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Interview: Players of the Royal Concertgebouw Orchestra

It’s Sunday afternoon in the Concertgebouw, one of Europe’s most magnificent concert halls, and members of its resident orchestra, theRoyal Concertgebouw Orchestraare milling around the artist canteen, preparing to perform a programme of Bach for a young audience. The atmosphere is relaxed, and the sounds of babbling voices and warm-up arpeggios float through the air. primephonic’s Sarah Jeffery joins five of the musicians during their pre-concert coffee, to chat about concert preparation:

How do you feel just before you perform?

Helma van den Brink, bassoon:  

I’d say focused, concentrated, and with a positive energy. Excited, but not from nerves. I don’t really get nervous. You feel that you’re going to do something, that something exciting is going to happen…

Royal Concertgebouw, Amsterdam

How did you feel before your very first concert with the RCO?

Ursula Schoch, first violin:

It was November 2000, Strauss with conductor Lorin Maazel. It was really exciting – lots of extra players, and I had my own part. Normally we play in larger settings. And of course with Maazel, a well-known conductor. Today is Bach so it’s a bit smaller, though still with four people to a part. It’s great!

How do you prepare physically before a concert?

Georgie Poad, double bass:

I like to be there quite early because we have our orchestra basses that stay here. I often take mine home to practice on, but you don’t carry it around every day. The string length is different on own my bass, so if I warm up at home directly before a concert, then I’ll come here and all the notes are in different places! If I can warm up on the bass that I’ll be playing on, I’ll feel more comfortable.

Marinus Komst, timpani:

In the morning I use my practice pad, a sort of drum pad with a rubber layer on top. It gives a natural bounce. The neighbours don’t hear me playing – as a timpanist, it’s important to build a good relationship with them! [laughs]. So, I start with eight strokes on the right, then eight on the left. Then after five or ten minutes you’ll move on to something stronger, some rolls for example.

Interior of the Concertgebouw, Amsterdam

Wow, so ten minutes of just ‘bam bam bam’?

Well, you have to warm up the muscles and that doesn’t happen in one minute. You have to just feel it, when they start to warm up.

What about the preparations in the week before?

Ursula Schoch, first violin:

The preparations in the week before are indeed different to a concert day. I’ll collect my sheet music and practice it at home, listening for the tempi and if there are any special things I have to take note of. I think I spend about 3, 4 hours on this in a normal week, next to my own practice of course – you always have to keep practicing your instrument! It depends on the pieces, of course. Bruckner, Mahler, Shostakovich will take quite some practice. The Bach suite that we will perform today is also difficult – there is some very special articulation in the right hand. It’s a smaller setting too, so you have to be perfect!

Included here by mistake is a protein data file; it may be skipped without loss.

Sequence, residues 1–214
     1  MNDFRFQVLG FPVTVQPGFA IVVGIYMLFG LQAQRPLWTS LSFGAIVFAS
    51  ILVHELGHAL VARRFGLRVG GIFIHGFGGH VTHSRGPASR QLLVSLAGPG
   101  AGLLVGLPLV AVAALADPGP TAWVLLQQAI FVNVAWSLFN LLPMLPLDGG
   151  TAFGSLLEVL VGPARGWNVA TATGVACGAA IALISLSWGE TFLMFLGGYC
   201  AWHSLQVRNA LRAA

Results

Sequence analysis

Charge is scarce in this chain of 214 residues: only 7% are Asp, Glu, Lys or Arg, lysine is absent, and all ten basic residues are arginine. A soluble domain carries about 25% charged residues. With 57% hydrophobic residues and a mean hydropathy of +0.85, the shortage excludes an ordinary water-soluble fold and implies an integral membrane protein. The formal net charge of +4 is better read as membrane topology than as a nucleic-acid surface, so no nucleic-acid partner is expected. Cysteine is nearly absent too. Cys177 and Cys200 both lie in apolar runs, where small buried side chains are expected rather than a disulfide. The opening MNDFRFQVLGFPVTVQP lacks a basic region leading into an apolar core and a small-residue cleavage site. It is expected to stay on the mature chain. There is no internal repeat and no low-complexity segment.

Do you have any tricks to get yourself ‘in the zone’?

Fred Edelen, cello:

Sometimes I like to simply practice listening before a concert. I’ll sit in the canteen and close my eyes and listen to the sounds around me, trying to identify them. That’s a good way to focus and relax. There are a lot of sounds going on, and if you try to identify and describe them, it’s challenging. That helps me focus and be more in the moment.

Shiny new Schnellar timpanis at the Concertgebouw, Courtesy of Adams

Dare I ask this - has anything ever gone wrong on stage?

Marinus Komst, timpani:

There are always funny things. I was once on tour with the Frysk Orchestra, on the island of Terschelling. During the concert a pigeon flew into the hall, and landed next to me on my smallest timpano. Really. So I tried to play on the other timpani. The pigeon just sat there and looked at me, and after while I heard “pfffrt” – he had left me a little present… The audience thought it was hilarious. But as for something going really wrong-  no, touch wood!

Helma van den Brink, bassoon:  

Actually, yes! There was only one time that nerves got to me. I’d had a very busy day, and rushed onto the stage. I suddenly noticed two giant cameras pointed at me, and Bernard Haitink was conducting… We were playing Brahms' violin concerto, that starts really slow with two bassoons for eight beats. I started to play, and it was as if it was all happening to someone else. I thought “what is the person next to me doing!” It slowly dawned on me that I was pressing down all the wrong keys, and it made a sort of steamboat honk. Haitink was glaring at me, and afterwards everyone was asking if my bassoon was broken! Since then I try to avoid being busy on a concert day – not too much rehearsing, exercising or elaborate cooking. It’s been fine ever since. You can put this in by the way – everyone makes mistakes!

Do you have any other sage advice?

Marinus Komst, timpani:

Well, I always used to put my right shoe on first, for good luck, but I don’t do that anymore. [laughs]. I’ve been playing solo timpani for 46 years, and after a while it becomes second nature. But – always take it seriously! Every concert is just as important. Your performance on stage is top class.

Sarah Jeffery


Explore the Royal Concertgebouw Orchestra's superb repertoire with their in-house label RCO Live on primephonic